Replacing one bad idea with another

The BBC has an interesting report on ambulance services in Beijing.  Up until now, ambulance drivers could decide themselves how much to charge people for their services.  I’m assuming these weren’t listed or known beforehand either.  This seems ripe for abuse given that the patient will be desperately wanting to get to the hospital and in no state for bargaining.  According to the article, most Chinese on social media didn’t even know that ambulances charge at all.  That must come as a big shock then when they get hit up by the driver.

So what did authorities decide to do?  Decree that ambulances “be fitted with taxi-style meters in an effort to allay public concerns about overcharging.”  Hmm, this doesn’t seem to be the most incentive compatible policy either.  As one social media cynic (read: realist) pointed out, “Don’t rule out ambulances taking a detour when using the meter.”  At least when you’re in the backseat of a cab, you can watch where the driver is going.  In the back of an ambulance in an emergency situation, that’s not going to be very feasible!  Don’t get me wrong, I’m in no way advocating free ambulance services, but there has to be a better policy than this.

3 thoughts on “Replacing one bad idea with another

  1. Well, we’re educated people. Rather than just say “there must be something better!” why don’t we figure out what would be better? It seems to me, the issue of what the ambulance can charge should not be up to the consumer at all, but up to whatever 911 service the consumer called for help. After-all, my speed dial isn’t to an ambulance driver, it is to a call center. And that call center has all day to figure out which ambulance service to hire at what rate.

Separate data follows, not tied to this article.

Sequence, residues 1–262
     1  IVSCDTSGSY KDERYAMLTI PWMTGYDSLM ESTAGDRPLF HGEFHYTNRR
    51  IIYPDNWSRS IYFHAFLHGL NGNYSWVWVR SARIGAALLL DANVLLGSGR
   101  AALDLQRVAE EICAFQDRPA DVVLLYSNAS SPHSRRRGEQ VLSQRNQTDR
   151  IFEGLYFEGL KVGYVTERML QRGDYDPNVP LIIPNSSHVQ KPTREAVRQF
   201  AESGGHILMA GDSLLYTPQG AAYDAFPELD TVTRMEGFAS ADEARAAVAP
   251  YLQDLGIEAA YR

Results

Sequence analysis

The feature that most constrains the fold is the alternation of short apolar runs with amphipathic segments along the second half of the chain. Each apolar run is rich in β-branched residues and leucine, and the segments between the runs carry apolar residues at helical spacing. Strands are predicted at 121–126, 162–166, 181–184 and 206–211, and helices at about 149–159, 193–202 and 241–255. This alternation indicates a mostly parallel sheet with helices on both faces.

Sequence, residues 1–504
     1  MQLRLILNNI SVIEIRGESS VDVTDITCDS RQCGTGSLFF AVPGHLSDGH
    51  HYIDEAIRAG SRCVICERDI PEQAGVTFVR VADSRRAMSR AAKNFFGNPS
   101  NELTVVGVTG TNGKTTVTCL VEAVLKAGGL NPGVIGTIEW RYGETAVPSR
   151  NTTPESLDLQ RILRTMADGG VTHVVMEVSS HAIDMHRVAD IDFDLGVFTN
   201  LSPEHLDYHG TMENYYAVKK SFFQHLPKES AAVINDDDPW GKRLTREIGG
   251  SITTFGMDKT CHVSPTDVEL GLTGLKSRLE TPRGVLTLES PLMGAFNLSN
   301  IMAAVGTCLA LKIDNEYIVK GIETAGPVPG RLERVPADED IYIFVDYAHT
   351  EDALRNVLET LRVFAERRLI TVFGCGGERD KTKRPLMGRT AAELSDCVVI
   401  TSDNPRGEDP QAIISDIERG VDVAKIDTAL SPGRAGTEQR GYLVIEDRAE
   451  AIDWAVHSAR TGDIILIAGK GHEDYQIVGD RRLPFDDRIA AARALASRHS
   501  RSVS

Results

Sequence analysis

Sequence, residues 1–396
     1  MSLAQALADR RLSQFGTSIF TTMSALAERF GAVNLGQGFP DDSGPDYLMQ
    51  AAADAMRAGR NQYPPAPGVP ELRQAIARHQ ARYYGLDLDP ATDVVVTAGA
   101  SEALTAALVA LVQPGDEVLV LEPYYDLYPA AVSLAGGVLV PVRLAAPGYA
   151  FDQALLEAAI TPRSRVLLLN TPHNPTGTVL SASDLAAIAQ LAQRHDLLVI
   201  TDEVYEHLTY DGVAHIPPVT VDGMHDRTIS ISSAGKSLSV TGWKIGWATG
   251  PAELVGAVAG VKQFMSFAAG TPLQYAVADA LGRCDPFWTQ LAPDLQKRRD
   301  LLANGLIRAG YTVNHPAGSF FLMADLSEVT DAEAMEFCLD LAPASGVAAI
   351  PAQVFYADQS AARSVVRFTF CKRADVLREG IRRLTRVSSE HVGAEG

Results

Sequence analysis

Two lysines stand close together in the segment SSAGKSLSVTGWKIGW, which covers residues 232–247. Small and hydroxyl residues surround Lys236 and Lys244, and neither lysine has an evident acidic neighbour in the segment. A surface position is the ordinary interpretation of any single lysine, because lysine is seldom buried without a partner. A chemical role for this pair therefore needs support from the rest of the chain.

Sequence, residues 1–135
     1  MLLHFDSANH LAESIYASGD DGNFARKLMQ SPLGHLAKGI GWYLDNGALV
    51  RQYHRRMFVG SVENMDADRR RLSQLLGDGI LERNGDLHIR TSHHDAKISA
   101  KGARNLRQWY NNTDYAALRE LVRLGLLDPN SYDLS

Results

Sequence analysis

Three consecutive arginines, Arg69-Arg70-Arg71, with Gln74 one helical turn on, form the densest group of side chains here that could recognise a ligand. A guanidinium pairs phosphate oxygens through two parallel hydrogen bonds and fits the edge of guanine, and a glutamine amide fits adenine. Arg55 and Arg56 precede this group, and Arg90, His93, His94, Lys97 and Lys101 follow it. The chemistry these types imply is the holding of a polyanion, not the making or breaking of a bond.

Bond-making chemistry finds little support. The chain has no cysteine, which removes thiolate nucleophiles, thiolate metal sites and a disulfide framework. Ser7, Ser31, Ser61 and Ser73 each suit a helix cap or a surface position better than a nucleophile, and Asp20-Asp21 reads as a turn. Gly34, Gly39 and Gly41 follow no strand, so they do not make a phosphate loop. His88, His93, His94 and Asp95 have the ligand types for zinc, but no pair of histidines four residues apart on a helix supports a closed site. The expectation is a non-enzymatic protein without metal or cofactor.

The problem, I think, is that the 911 service is government provided, but the ambulance is not. This should be easy enough. The 911 service has a call list of ambulance drivers. There must be hoops for drivers to jump through to get on that list. The simplest idea is for the 911 service to set the price, based on region, and any ambulance accepting calls for that region must accept that price. If there is not enough ambulance service at the stated price in the region, raise the price. If too many drivers are showing up, lower the price. The problem, of course, is that ambulance drivers will very quickly lobby the government for abuse of this pricing power. Which could quickly become worse than the nothing they currently have.

  2. Pingback: Ambulances too China incentives of the day - Marginal REVOLUTION

  3. There is nothing wrong with trying new ideas, but we got to be determined for it. I do Forex trading and I always stick to my ideas and plans, it’s boosted a lot with OctaFX broker that I work with since they have excellent set of conditions with small spreads, high leverages, rebates and all that, so that helps me with achieving my targets and able to fill all my ideas without difficulty, but again you got to be determined for it.

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